MADRAS HC: APPOINTMENT AND QUALIFICATIONS OF DIRECTORS RULES DOES NOT EMPOWER THE REGISTRAR OF COMPANIES TO DEACTIVATE THE DIN Madras High Court on 9th October, 2020 before the Hon'ble two judge bench, The Chief Justice A.P. Sahi and Justice Senthilkumar Ramamoorthy quashed the writ appeals sought by Appellants which were arising out of a common order dated on 13th January, 2020. The...
Access the exclusive LEGAL ERAStories,Editorial and Expert Opinion
MADRAS HC: APPOINTMENT AND QUALIFICATIONS OF DIRECTORS RULES DOES NOT EMPOWER THE REGISTRAR OF COMPANIES TO DEACTIVATE THE DIN
Madras High Court on 9th October, 2020 before the Hon'ble two judge bench, The Chief Justice A.P. Sahi and Justice Senthilkumar Ramamoorthy quashed the writ appeals sought by Appellants which were arising out of a common order dated on 13th January, 2020.
The separate writ petitions filed by each Appellant to quash the respective disqualification by the Registrar of Companies (the ROC) and for consequential reactivation of the Director Identification Number (DIN) or permission for appointment/reappointment as director were dismissed.
The Companies Act, 2013 (CA 2013) deals with disqualifications for appointment as a director in Section 164. Under Section 164(2)(a) of CA 2013, the name of each Appellant was included in a list of disqualified directors, which was published on the website of the first Respondent. The DIN of each Appellant/director was consequently deactivated and such disqualification and deactivation were challenged in the writ petitions. The two main grounds on which the disqualification and deactivation were challenged are: First, prior notice was not issued to the Appellants concerned calling upon him to show cause as to why he should not be disqualified as a director. Secondly, the ROC was not entitled to deactivate the DIN of these directors as per CA 2013 and the rules framed thereunder.
The learned single Judge concluded that a notice would be an empty formality in the facts and circumstances because the disqualification occurs ipso facto and the issuance of a notice would make no difference. The appellants contended that the ROC does holds the power to deactivate the DIN. Further appellants submitted that the principles of natural justice were violated by not providing a prior notice to the directors who were declared as disqualified. In support of this contention, the Companies [Registration Offices and Fees] Rules, 2014 was referred and, in particular, to Rules 5 and 11 thereof. Rule 5 deals with the powers and duties of registrars.
On behalf of the respondents Mr.Sankaranarayanan, the learned Additional Solicitor General made three submissions. His first contention was with regard to constructive notice. According to him, Section 164(2) was introduced so as to ensure that this obligation is fulfilled by companies in public interest. Secondly, he defended that the grounds of disqualification under Section 164(1) of CA 2013 are personal to the director concerned and may require a verification of material facts and circumstances.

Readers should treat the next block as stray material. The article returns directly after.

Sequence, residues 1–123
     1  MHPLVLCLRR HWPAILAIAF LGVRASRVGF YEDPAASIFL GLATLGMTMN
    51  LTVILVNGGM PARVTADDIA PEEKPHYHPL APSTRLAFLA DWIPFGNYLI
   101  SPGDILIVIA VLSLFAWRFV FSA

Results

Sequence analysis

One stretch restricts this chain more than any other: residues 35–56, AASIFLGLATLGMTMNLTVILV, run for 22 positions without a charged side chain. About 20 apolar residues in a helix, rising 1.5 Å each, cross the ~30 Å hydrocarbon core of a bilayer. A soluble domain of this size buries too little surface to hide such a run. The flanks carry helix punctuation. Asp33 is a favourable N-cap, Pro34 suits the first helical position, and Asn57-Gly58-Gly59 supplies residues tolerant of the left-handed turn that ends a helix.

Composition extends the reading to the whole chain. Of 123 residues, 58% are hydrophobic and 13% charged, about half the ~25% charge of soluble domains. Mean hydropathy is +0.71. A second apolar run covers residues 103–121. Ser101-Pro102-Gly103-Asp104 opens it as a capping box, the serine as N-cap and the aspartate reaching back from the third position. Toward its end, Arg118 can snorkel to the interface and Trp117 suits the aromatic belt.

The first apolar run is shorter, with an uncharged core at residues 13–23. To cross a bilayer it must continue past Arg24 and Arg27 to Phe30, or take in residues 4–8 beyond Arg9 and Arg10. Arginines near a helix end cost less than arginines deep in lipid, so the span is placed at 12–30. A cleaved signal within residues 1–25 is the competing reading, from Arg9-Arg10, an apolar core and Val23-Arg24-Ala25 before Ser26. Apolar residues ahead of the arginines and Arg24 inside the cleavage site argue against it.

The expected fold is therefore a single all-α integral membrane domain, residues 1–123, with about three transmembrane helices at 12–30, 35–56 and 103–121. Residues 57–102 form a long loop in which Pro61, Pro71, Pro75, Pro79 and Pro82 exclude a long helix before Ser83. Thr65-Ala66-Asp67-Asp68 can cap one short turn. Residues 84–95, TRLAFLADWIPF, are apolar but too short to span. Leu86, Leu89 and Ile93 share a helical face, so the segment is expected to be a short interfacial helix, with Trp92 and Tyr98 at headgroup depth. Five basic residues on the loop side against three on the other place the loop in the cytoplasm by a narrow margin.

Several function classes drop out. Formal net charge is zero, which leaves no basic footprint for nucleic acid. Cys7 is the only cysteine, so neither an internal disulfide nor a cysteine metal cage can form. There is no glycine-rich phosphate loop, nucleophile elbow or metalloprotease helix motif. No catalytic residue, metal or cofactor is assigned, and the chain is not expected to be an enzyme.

Therefore, before it is determined that a director is disqualified under Section 164(1), a prior notice may be required so as to verify the relevant material facts. Thirdly, it was submitted that the ROC is fully aware as to whether such financial statements and annual returns have been filed for the relevant period by the company concerned. If these documents are not filed, the disqualification under Section 164(2) is triggered ipso facto.
Therefore, the issuance of prior notice becomes an empty formality. The respondent finally concluded the submissions thus, by pointing out that the expression 'public interest' is used in several provisions of CA 2013 and emphasized that actions taken in public interest, such as the disqualification and deactivation of DIN, should not be interfered with by the Court.
The Court proffered that it involves two stages. First stage to determine as to whether the company concerned committed a default.The prior notice requirement is clearly not an empty formality as regards disqualification under Section 164(2). The court remarked a corollary exception to the natural justice rule, namely, the possibility of only one conclusion or the absence of prejudice. Secondly, as to whether the ROC is entitled to deactivate the DIN. For this purpose, the court closely examined rule 9, 10 and 11 of the Appointment and Qualifications of Directors Rules, 2014 (AQD Rules).
In the light of the above analysis the appeals were allowed and the impugned order dated 27th January, 2020 were set aside. Consequently, the publication of the list of disqualified directors by the ROC and the deactivation of the DIN of the Appellants were quashed. However, the court made it clear that it is, open to the ROC concerned to initiate action with regard to disqualification subject to an enquiry to decide the question of attribution of default to specific directors by taking into account the observations and conclusions. Consequently, connected miscellaneous petitions were closed.